Friday, June 3, 2011

The Technicolor Time Machine by Harry Harrison

Barney Hendrickson is a third-rate movie director working at a third-rate studio that's about to go under. Help arrives in the form of a time machine invented by local eccentric scientist Dr. Hewitt. With the help of the time machine - which looks just like how a Hollywood time machine should look, because it was fancied up to serve as a prop in the mad scientist movie the studio was just finishing up on - the studio plans a Viking epic to be filmed on location in the Orkneys and in Vinland in Viking times. Hilarity ensues, but the movie is completed, and Barney Hendrickson inadvertently becomes famous.

Fortunately Harry Harrison wrote the 1967 novel The Technicolor Time Machine as a very broad comedy, and it's clear from the start that the sense of general preposterousness is fully deliberate. Harrison's got a long career writing comic SF; he's probably best known for the Stainless Steel Rat books, of which I've read the first three. They're pretty good examples of the "ludicrously competent interstellar hero thwarts the bad guys and saves the day" genre. He also wrote the book the movie Soylent Green is very, very loosely derived from.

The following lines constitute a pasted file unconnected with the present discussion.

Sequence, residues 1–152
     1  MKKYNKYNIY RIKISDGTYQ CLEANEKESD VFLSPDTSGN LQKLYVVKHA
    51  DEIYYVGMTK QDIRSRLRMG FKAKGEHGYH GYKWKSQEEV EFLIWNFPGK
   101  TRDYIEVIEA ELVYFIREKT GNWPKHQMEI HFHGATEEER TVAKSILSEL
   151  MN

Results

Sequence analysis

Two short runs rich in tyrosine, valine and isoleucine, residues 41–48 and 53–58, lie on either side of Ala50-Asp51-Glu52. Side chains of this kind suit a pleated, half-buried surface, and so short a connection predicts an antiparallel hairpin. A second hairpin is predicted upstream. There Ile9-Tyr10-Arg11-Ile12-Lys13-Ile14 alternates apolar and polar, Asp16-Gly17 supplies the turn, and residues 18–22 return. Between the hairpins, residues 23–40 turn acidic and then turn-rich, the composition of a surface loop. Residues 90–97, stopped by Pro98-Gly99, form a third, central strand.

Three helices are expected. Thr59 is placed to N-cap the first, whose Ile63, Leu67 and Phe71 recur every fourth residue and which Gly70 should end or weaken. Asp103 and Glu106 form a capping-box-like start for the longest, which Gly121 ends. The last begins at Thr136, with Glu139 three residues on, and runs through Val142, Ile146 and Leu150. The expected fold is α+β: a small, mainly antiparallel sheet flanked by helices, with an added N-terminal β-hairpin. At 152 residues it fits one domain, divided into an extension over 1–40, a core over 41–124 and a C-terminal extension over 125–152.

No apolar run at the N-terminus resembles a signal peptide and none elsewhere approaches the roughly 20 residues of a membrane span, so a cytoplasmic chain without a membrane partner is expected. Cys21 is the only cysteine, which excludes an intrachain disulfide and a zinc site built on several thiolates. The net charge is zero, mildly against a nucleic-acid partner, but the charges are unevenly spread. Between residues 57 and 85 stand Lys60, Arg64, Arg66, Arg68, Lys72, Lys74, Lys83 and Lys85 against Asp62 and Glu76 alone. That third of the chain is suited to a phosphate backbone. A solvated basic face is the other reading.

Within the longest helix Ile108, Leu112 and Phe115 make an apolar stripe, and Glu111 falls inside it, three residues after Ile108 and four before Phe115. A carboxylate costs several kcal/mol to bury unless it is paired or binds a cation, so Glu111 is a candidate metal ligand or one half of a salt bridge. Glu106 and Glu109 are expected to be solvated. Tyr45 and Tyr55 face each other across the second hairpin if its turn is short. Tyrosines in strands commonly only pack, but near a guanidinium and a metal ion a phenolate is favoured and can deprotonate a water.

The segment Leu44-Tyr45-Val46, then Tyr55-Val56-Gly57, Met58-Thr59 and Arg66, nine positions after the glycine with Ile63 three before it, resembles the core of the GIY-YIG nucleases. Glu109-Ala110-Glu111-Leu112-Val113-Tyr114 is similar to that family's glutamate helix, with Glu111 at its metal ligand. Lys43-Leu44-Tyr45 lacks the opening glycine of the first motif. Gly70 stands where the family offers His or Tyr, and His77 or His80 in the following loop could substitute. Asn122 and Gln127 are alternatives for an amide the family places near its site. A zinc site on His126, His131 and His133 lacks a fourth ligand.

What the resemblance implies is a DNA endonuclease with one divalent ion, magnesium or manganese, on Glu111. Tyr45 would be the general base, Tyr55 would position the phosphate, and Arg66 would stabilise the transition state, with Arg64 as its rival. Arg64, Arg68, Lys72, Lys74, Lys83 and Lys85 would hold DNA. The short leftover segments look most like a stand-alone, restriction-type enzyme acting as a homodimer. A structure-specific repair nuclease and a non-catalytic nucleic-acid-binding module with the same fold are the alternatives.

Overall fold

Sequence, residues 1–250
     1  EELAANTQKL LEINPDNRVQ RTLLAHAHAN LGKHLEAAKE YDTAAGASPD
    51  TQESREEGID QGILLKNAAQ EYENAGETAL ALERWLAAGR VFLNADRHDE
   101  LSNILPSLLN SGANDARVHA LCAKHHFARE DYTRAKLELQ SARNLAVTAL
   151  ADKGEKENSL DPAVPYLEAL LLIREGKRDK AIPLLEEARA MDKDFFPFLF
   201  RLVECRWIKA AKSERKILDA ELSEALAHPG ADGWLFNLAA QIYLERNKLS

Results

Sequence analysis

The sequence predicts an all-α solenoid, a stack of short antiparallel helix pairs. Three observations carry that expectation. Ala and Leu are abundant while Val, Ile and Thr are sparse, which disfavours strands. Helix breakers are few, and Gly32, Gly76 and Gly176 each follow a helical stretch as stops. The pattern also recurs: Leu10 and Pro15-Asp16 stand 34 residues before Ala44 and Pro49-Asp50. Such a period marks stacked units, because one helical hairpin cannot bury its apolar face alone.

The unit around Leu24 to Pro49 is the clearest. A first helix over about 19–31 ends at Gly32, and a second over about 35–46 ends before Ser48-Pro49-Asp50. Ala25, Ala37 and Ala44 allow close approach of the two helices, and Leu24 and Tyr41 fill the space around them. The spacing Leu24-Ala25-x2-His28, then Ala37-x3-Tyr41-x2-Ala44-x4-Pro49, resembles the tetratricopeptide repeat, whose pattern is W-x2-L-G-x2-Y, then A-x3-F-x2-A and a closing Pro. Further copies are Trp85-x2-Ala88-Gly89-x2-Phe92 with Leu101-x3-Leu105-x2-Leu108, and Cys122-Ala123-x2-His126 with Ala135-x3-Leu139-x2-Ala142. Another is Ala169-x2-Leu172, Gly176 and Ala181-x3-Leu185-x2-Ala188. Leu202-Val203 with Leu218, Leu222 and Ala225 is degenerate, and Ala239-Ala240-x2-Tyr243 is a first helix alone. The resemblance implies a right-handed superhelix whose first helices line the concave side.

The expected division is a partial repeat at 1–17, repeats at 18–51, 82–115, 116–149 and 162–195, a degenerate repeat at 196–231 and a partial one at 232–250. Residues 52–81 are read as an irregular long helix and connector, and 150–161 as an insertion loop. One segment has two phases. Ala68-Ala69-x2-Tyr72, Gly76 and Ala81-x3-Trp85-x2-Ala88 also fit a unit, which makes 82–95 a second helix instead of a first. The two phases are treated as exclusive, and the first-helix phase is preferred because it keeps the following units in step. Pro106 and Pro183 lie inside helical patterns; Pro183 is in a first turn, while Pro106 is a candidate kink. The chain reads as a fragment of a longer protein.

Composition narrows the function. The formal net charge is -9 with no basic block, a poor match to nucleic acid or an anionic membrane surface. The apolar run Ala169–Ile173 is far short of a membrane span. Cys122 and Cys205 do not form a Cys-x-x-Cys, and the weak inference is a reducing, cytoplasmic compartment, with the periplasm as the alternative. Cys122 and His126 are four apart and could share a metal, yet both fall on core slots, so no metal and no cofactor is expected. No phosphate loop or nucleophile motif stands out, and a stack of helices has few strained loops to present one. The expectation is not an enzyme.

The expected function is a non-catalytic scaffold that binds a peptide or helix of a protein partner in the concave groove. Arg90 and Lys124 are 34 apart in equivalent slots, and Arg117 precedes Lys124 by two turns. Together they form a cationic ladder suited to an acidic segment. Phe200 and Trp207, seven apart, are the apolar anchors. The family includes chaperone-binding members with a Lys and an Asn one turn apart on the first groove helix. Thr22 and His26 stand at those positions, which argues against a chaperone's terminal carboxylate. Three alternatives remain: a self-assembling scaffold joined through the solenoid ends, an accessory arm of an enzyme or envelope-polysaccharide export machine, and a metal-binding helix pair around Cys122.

The Technicolor Time Machine is amusing, although much of its humor is a satire of the Hollywood of the 1960s, already somewhat out of date and getting more so all the time. (In fact, I'd wager that with the accelerating evolution of entertainment media, the next 15 years might well alter the business side of how movies are made more than the past 40 years have. Kids these days won't understand the older generation's satires of Ye Olde Hollywoode.) And characters like L. M. Greenspan and Ruf Hawk are comedy tropes you've surely seen a dozen times before.

So what about the science fiction side of things? The book's got some neat moments, but it doesn't really do anything new or mind-blowing with the time travel trope. Yes, I remember it was published in 1967 and Back to the Future was still nearly two decades away, but written science fiction has always been more imaginative and daring than its celluloid cousin, and Robert A. Heinlein's rather more mind-blowing short story "All You Zombies" predates this book by eight years. To sum up: use of time travel trope, competent but not extraordinary.

And what's with this piece of dialogue toward the end of the book?

Barney clutched the paper. "Let me get this straight. Are you telling me that I can make the film after the deadline, then return to a time before the deadline to deliver the film?"

"I am."

"It sounds nuts."

"But Barney's been zipping back and forth in a time machine for the WHOLE DAMN BOOK!" said the reader.
That last line was my addition.

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